Photos by John Clow
The squalid slum tenement of the Bayou Mansions on Red Herring Street sits on the fringes of a gleaming metropolis in the vein of Fritz Lang. While the skyscrapers splutter with Art Deco colors, Bayou is overrun with nothing but cockroach infestations. Here, its juvenile inhabitants run amok on the streets in protest, the impossibly lonely caretaker bats flies as he dreams of buying a one-way ticket out of his grime-filled life, and its newest resident Agnes Eaves attempts to fix the children’s problems through her art and collage projects. Meanwhile, the City Mayor hatches a plan to suppress the children’s revolution by means of a sinister ice-cream van and Granny’s gumdrops.
Enter the entrancingly dystopian universe of theatre company 1927’s “The Animals and Children Took to the Streets,” a subversive fairytale-gone-wrong that delights with its exquisite performance style and strongly executed storyline.
As a performance theatre company formed by a collective of artists (animators, writers, theater artists, film-makers and composers) in 2006, 1927 has carved out a name for itself through its creative use of technical stage elements and incorporation of media in its original shows, especially since the debut of the widely-acclaimed “The Animals and Children Took to the Streets,” which performed before a full house at University of California, Santa Barbara’s Campbell Hall on April 25. The event was put on by UCSB’s Arts & Lectures.
Most of the joy in watching the hypnotic, macabre, and yet hilariously satirical quality of the 70-minute production unfold before your eyes stems from the sheer imaginative quality of its execution. Ever had a desire to transport yourself into the narrative of a graphic novel or television animation series, and launch into a song from a Gothic musical backed by a haunting live piano score? It seems impossible to combine so many different genres and strains of influence (think Tim Burton, Charles Dickens, Roald Dahl, and more) into one cohesive performance, yet “The Animals and Children Took to the Streets” manages to accomplish that feat with grace and punch.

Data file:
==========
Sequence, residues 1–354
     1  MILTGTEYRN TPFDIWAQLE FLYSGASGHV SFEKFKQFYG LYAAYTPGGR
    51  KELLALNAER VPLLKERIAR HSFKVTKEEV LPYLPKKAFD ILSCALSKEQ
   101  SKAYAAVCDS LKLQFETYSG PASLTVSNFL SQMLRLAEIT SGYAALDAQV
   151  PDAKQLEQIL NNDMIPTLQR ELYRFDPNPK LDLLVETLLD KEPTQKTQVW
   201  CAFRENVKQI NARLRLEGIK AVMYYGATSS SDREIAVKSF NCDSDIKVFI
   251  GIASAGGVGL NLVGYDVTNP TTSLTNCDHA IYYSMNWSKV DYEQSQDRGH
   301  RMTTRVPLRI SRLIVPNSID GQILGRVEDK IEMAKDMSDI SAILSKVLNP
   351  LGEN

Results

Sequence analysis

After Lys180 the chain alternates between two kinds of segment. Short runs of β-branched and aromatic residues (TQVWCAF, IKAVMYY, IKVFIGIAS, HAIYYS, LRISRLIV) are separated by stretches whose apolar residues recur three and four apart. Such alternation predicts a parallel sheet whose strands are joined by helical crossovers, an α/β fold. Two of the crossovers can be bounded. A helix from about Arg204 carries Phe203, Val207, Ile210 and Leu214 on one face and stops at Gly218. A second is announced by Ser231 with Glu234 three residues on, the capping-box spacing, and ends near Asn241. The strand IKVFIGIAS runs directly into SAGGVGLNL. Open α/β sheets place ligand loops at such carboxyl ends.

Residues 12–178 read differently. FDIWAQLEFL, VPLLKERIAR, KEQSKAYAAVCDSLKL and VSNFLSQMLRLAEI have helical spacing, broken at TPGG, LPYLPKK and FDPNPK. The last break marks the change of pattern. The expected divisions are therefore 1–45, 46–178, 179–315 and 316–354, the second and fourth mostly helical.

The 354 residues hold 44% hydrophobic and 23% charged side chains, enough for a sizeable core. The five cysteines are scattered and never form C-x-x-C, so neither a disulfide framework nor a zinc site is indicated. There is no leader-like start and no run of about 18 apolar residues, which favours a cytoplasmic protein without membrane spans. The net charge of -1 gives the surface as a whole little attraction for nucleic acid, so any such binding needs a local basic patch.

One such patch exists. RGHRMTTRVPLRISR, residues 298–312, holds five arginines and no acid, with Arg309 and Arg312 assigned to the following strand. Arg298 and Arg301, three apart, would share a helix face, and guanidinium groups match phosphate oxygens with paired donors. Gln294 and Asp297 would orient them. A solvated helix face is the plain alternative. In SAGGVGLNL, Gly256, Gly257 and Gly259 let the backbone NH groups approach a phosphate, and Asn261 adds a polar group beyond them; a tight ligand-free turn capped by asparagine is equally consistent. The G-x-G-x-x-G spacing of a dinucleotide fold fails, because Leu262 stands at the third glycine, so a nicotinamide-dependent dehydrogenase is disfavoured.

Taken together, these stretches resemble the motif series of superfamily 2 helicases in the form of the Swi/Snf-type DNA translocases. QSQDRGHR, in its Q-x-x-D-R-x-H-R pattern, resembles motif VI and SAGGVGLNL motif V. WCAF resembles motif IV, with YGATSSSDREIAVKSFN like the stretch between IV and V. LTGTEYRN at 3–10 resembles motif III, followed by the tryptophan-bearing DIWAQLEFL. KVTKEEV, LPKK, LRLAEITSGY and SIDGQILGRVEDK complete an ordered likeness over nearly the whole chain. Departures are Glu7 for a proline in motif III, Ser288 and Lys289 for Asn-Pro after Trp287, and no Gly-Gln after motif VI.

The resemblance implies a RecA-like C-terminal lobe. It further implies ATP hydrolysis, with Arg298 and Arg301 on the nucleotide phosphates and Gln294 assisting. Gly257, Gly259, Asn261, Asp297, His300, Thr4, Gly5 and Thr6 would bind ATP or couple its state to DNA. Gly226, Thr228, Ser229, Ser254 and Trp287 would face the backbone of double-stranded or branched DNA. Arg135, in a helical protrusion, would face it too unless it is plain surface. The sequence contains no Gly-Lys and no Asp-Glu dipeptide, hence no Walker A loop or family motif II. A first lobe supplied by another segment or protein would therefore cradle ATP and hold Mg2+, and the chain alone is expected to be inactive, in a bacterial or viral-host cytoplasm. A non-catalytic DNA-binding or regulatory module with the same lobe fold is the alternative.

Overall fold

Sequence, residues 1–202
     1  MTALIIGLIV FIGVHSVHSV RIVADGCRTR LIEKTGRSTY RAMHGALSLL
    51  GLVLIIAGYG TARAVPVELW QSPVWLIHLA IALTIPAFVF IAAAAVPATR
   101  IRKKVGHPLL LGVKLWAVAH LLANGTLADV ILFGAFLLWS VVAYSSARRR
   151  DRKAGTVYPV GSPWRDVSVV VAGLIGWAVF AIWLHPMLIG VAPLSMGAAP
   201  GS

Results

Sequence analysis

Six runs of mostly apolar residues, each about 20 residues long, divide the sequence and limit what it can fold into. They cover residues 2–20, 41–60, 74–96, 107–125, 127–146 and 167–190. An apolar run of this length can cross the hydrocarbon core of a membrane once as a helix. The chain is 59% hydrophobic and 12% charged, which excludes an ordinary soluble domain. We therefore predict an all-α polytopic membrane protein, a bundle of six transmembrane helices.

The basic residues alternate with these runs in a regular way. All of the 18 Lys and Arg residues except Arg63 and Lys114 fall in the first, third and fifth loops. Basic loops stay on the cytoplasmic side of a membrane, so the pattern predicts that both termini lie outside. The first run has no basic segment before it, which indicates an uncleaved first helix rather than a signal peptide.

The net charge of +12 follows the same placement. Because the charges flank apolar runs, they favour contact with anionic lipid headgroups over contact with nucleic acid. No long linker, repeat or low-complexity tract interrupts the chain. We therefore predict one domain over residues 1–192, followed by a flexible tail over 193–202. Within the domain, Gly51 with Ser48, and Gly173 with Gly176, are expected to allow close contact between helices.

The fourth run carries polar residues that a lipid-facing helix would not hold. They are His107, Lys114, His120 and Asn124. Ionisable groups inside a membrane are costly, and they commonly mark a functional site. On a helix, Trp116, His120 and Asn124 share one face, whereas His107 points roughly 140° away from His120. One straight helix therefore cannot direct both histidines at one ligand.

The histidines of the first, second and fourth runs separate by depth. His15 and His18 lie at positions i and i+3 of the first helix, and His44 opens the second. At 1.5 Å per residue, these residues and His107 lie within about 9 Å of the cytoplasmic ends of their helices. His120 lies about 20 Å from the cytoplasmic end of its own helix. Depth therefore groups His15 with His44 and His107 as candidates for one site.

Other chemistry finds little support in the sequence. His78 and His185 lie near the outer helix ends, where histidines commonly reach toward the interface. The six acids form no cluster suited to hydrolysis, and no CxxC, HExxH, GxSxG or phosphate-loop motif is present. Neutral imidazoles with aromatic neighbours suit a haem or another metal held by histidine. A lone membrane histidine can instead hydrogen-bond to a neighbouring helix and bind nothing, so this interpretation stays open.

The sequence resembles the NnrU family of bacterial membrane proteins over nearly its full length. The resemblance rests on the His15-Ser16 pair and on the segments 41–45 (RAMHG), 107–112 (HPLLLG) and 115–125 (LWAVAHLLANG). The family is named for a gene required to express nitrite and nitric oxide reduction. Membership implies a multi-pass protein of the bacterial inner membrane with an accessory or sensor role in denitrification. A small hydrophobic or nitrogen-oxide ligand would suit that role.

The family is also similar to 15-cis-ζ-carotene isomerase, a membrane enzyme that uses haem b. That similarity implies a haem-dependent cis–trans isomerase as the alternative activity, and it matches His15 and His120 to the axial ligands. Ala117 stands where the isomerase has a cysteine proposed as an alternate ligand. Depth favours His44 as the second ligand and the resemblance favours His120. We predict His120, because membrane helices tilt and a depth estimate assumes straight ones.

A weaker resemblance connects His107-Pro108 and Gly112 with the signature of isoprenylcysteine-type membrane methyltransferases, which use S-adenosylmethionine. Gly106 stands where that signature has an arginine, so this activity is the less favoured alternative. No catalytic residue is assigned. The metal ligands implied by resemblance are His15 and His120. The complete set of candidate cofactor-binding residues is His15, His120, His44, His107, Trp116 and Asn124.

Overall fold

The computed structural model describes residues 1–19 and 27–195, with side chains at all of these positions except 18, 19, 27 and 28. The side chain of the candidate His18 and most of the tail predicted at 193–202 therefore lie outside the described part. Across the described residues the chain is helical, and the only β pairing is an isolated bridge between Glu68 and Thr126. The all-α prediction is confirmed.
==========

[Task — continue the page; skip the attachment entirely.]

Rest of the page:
Keeping to the relatively short time frame of 70 minutes was a wise choice. While both the performance and storyline were tied to each other well, the plot lacked a strong narrative pull that carries the audience’s interest past the one-hour mark, once the shine of the ingenious theatrical wizardry wears off.
Three actors, some projection panels on the stage, and Paul Barritt’s dazzling animations allowed for multiple unexpectedly creative moments in the show: a neighbor swatted away at cartoon “Zs” emanating from an animated sleeping child; characters appeared to dash past countless landscapes while merely jogging on the spot; and the caretaker lead us into his dream-world as he dozed on his projected bed while actually standing upright on the stage.
Especially memorable was a spontaneously interactive moment towards the end of the play, when the caretaker engaged in a session of mild meta-play by pacing back and forth between road signs cryptically labeled “Idealist Ending” and “Realist Ending,” with the optimists and pessimists in the audience raucously rooting for separate desired outcomes.
Sticking to its characteristically droll, deadpan manner, the play settled on the triumph of the “Realist Ending” in the end. It was an oddly prophetic move, considering that the play’s premiere in late 2010 and its playfully-addressed themes of class marginalization and social disparity would later coincide with the violent riots that erupted across major cities in England, particularly boroughs in East London, in the summer of 2011.